As long as the state’s emergency manager law remains in place, there’s not much disputing the power placed in Orr’s hands. An analysis of the Jones Day contract done by the City Council’s Research & Analysis Division (RAD) acknowledges that. David Whitaker, the head of that division, spelled things out for council in an analysis dated April 12, 2013: “… in his capacity as Emergency Manager, Kevyn Orr has ultimate authority to approve the [Jones Day] contract, with or without City Council’s concurrence…”
Orr has said that he resigned from Jones Day to ensure there’s not even an appearance of conflict of interest when it comes to him working with his former firm.
That assurance, however, hasn’t exactly erased all concerns for the lawyers at RAD.
The feeling that things are a little too cozy for comfort starts with the fact that Orr, while still with Jones Day, was part of the team that initially pitched its services to the city. He later stepped away from that process, and the Bing administration, claiming to have acted independently of Gov. Rick Snyder and his selection of Orr as the city’s emergency manager, chose Jones Day to be the law firm in charge of Detroit’s financial restructuring.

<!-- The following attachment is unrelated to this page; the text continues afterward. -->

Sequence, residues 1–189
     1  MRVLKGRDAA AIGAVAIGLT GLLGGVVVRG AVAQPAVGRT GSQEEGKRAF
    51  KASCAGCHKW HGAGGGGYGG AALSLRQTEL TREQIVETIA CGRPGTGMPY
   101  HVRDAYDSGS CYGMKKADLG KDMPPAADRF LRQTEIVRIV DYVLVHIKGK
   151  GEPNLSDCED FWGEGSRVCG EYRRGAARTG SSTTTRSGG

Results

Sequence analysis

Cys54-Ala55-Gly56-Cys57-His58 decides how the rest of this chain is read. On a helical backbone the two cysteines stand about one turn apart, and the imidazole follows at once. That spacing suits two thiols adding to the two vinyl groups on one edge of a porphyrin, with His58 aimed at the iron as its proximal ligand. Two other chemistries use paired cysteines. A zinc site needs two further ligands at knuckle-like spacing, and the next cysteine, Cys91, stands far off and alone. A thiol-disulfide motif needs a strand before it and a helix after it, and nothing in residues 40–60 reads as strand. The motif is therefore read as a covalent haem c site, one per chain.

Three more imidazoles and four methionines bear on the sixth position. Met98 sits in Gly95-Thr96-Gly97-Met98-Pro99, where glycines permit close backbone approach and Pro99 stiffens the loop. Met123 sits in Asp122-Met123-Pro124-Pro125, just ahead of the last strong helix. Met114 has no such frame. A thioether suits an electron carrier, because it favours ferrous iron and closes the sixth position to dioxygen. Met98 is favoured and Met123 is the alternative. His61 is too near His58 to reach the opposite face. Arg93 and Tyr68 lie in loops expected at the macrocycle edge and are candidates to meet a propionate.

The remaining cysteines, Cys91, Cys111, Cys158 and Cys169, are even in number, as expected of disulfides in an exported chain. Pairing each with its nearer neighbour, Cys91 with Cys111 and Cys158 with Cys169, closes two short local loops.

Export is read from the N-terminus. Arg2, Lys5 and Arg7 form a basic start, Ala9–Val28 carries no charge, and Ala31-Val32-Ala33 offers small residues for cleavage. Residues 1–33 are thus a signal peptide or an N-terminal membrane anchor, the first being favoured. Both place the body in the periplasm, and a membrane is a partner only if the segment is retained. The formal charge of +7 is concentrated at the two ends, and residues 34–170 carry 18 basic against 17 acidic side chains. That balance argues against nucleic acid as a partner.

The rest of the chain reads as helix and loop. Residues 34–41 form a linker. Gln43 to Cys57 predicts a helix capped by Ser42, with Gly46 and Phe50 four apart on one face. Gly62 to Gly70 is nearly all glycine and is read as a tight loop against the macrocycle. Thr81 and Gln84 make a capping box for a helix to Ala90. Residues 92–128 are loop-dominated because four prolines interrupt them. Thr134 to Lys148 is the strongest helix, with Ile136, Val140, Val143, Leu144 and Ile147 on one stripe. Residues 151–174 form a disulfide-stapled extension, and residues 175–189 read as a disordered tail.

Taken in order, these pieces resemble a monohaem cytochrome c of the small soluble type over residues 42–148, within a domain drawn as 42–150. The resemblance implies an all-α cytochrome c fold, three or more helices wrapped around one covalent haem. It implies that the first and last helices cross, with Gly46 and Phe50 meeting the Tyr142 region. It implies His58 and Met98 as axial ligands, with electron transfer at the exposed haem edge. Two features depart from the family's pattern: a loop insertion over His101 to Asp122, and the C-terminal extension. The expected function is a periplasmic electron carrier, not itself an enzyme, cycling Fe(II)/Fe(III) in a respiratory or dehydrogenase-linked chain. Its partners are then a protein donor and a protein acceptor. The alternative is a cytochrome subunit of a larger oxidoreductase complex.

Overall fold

Further complicating matters is Jones Day’s representation of Bank of America, the parent company of Merrill Lynch. That’s significant because Merrill Lynch is one of the so-called “counter parties” involved in negotiations over its share of a $400 million payment the city might have to cough up as part of a credit swap deal that went awry.
Jones Day has said it will seek conflict of interest waivers from any client seeking money from the city.